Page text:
Chairman’s job to ready school
The Ministry of Education has given the head of the Alexandra School’s board of management “instructions” to get the institution “ready” for resumption of classes next month. And this includes making arrangements to fill staff vacancies and overseeing physical repairs at the St. Peter school.
Attorney-at-law Guyson Mayers, counsel for Alexandra chairman Keith Simmons, QC, and the board of management, made this known today at the Commission of Enquiry into Alexandra.
This was after the principal, in his sixth and final day on the witness stand, told the tribunal claims that he did not included heads of department when prospective teachers are interviewed for jobs were “absolute and total nonsense”.
Mayers was responding to statements from Broomes about alleged efforts to exclude him from a recruitment exercise for teachers to be hired for the 2012/2013 school year.
“I am instructed, Sir, that the Ministry of Education has summoned the chairman to the ministry and have given him instructions with respect to getting the school ready for the next term,” he told commissioner Frederick Waterman.
“Among these instructions, in addition to doing physical repairs … he has been instructed to pull together persons to fill vacancies at the school from a list provided to him by the ministry with the full input of a ministry representative who has been guiding the process.
“So to say that teachers are being employed at this time without the principal’s input, to suggest that that is an indication that the chairman is doing something that he should not be doing gives the wrong impression. I just want to say enough to make it clear that there is not such impropriety,” Mayers added.
During his final day of evidence on day 36 of the hearing at the Garfield Sobers Sports Complex, Broomes, noting that he himself had been contacted by the Ministry of Education about him getting involving the process to get the school ready, said he favoured the full involvement of heads of department when candidates seeking to become teachers in their sections were interviewed. He said each time an effort was made to fill a vacancy he contacted the secretary treasurer to the board of management to involve heads of departments. “It can never ever be done without the board, because it is a board committee,” he testified.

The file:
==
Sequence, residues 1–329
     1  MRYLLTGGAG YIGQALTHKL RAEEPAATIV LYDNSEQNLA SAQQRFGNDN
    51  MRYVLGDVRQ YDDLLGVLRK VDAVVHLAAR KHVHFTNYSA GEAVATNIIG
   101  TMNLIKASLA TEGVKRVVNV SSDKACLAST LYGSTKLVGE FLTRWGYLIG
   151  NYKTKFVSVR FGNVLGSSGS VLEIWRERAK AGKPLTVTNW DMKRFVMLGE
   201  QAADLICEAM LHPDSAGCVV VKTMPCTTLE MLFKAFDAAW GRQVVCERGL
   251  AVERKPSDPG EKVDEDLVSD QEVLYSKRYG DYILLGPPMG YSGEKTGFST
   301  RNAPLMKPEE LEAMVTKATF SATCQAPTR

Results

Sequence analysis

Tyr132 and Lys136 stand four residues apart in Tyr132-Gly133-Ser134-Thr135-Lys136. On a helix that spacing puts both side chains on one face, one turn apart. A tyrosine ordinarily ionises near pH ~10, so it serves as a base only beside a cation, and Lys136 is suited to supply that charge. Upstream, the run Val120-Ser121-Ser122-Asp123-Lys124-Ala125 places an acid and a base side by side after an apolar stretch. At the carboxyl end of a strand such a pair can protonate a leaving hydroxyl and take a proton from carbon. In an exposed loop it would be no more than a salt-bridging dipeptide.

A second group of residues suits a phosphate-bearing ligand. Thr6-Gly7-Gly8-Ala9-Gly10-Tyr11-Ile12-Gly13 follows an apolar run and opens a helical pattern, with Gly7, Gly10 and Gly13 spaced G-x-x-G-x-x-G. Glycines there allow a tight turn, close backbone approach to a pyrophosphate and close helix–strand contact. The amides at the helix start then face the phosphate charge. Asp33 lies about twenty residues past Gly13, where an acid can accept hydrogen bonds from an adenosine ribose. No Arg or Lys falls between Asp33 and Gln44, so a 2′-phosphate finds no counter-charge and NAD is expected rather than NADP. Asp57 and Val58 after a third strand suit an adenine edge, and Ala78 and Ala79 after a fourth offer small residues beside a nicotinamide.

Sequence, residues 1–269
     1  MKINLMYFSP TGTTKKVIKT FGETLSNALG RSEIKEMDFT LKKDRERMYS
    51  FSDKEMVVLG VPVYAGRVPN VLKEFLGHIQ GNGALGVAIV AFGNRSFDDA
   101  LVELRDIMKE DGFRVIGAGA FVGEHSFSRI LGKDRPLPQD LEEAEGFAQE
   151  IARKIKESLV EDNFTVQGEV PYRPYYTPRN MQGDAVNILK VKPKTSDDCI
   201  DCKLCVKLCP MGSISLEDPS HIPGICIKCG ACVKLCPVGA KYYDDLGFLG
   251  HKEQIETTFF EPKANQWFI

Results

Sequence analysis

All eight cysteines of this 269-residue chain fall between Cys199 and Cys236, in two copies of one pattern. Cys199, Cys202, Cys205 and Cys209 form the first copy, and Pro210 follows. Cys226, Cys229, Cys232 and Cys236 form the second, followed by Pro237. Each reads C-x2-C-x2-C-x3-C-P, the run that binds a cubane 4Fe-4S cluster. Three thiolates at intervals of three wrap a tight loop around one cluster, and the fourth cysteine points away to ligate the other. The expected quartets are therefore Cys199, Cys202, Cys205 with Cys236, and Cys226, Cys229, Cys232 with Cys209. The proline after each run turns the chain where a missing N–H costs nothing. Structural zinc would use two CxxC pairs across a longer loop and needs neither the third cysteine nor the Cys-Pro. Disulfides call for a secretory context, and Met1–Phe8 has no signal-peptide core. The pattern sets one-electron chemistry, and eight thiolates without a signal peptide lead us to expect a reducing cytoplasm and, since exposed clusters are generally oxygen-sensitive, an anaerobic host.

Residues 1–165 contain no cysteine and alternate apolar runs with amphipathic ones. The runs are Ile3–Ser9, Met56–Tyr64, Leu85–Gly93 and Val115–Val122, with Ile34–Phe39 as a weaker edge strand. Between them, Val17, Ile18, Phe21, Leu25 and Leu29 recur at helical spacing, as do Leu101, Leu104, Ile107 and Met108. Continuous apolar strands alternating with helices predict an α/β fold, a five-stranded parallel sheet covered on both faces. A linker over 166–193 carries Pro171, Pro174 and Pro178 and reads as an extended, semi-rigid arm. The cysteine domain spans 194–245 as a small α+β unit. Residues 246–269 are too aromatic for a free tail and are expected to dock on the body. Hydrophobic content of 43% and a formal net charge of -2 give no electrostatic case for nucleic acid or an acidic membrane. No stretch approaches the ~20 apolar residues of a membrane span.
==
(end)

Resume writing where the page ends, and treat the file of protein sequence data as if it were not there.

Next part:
Broomes said this was the case with Carl Padmore, a former teacher at the school, whose recruitment and deployment caused controversy.
“I clearly remember Mr. Alvin Burgess the chairman of the board at the time and I sitting with Mr. Padmore. The principal was involved, so was the chairman of the board,” he stated.
“I would suggest in Mr. Padmore’s case, Mr. Padmore was not being employed with teacher qualifications. Mr. Padmore was being employed on a part time basis for his skills… He could not have been interviewed for a teacher position because he only had three certificates — he did not meet the minimum qualification.” (SC)